Yesterday just saw me doing some incidental birding around chores in Oslo. At Frognerpark there were no rare gulls but a dark eyed Herring Gull (gråmåke) had me interested for a bit but it was just that and not a Caspian Gull (kaspimåke).
Today there were blue skies, an overnight frost and no wind so I thought it would be a good chance to see if any Bearded Tits (skjeggmeis) have attived back at Fornebu for the winter. Unfortunately they seem not to despite there being records from other placesd showing that the autumn dispersal from the breeding sites has started. There was little to see generally although I did scare up a Jack Snipe (kvartbekkasin) which for the first time that I can remember made a noise as it flew up – it was a very quiet call similar to a Common Snipe and only audible due to it being just a couple of metres from me.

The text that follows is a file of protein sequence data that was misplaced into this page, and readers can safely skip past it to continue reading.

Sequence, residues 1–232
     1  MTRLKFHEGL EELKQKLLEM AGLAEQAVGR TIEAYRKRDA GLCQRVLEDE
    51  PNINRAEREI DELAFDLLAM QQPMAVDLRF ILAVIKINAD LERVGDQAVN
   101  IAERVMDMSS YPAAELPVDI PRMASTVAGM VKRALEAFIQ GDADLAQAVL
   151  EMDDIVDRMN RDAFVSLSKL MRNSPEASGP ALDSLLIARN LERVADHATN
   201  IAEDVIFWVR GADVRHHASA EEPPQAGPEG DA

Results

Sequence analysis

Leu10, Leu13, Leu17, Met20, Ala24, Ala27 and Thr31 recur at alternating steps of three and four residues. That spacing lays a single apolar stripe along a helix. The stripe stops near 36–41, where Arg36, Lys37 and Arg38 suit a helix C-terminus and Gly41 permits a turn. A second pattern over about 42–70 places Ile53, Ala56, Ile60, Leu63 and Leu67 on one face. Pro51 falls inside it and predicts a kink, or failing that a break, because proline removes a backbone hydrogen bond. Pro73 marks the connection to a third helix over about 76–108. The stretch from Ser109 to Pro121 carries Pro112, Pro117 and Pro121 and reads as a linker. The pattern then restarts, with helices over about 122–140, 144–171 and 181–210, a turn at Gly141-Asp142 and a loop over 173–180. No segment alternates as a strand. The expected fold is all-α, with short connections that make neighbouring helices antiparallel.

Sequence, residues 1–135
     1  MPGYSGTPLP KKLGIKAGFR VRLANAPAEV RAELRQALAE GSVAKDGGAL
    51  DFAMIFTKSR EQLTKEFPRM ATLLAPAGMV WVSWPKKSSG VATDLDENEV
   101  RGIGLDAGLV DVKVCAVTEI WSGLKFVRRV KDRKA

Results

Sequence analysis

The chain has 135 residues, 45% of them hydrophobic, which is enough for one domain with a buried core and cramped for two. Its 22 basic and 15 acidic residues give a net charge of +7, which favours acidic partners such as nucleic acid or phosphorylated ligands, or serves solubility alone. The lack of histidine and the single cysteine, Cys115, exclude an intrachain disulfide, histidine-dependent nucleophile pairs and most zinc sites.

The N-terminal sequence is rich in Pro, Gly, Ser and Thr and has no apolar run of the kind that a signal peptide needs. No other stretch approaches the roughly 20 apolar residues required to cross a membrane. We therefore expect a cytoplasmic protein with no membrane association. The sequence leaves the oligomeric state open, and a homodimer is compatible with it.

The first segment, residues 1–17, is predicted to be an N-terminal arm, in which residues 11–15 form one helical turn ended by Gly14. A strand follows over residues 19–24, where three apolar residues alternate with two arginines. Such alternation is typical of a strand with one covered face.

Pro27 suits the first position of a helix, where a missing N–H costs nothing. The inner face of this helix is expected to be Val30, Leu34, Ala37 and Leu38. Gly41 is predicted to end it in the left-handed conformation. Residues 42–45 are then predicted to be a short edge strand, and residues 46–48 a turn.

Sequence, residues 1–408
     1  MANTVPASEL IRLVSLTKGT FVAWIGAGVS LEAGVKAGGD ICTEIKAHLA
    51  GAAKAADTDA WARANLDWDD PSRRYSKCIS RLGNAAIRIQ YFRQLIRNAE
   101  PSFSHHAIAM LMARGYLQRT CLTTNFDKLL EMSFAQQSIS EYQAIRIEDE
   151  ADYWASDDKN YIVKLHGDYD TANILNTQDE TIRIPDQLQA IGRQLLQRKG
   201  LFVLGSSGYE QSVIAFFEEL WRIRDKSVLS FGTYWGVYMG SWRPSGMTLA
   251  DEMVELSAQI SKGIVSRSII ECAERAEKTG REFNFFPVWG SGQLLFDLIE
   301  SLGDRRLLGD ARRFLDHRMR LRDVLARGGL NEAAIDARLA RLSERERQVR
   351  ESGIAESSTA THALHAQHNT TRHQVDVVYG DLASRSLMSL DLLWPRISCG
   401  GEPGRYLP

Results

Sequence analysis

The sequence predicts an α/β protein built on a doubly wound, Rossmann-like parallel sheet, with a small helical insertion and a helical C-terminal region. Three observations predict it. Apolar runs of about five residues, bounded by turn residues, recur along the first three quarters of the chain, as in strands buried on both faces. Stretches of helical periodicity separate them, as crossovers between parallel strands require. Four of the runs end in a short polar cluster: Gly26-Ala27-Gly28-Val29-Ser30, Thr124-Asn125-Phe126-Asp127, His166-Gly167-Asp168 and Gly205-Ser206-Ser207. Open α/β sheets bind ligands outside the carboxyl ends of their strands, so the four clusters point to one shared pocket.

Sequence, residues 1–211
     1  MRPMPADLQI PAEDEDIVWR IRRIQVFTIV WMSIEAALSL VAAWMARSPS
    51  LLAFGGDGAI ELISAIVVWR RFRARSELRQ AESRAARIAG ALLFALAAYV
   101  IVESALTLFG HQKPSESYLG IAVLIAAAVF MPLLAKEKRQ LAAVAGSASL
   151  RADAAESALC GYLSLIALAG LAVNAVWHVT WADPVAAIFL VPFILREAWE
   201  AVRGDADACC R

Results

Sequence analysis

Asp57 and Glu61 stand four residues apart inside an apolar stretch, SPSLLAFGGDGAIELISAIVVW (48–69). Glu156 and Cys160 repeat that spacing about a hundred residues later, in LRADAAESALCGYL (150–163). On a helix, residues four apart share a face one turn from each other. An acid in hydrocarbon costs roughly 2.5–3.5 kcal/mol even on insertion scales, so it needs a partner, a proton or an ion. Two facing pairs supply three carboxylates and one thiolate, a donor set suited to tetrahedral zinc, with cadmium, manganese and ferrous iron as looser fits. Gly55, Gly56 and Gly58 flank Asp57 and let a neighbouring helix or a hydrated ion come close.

I hoped that with the fjord being calm that I would be able to pick out some lingering rare seabirds but apart from Guillemots (lomvi) everything has left. There were quite a few ducks though including a flock of 64 Goldeneye (kvinand) that appeared whilst I was there so the overnight frost may have been the motivation needed for birds to move off from inland lakes.
|Treecreeper (trekryper) today at Fornebu - the first one I have seen there this year, although it is probably more a reflection on me than the scarcity of the bird|
|the bird had walked the whole length of the branch clinging on to the underneath - its claws must be incredibly strong|
|Goldfinches (stillits) were probably the most numerous bird at Fornebu - this one is a youngster acquiing its adult plumage|
|a Goldfinch in adult plumage although a couple of white feathers on the cheek may indicate it is a bird of the year|
|prizing out the seeds from within the thistle head|
|I had this Dipper (fossekal) on Akerselva yesterday|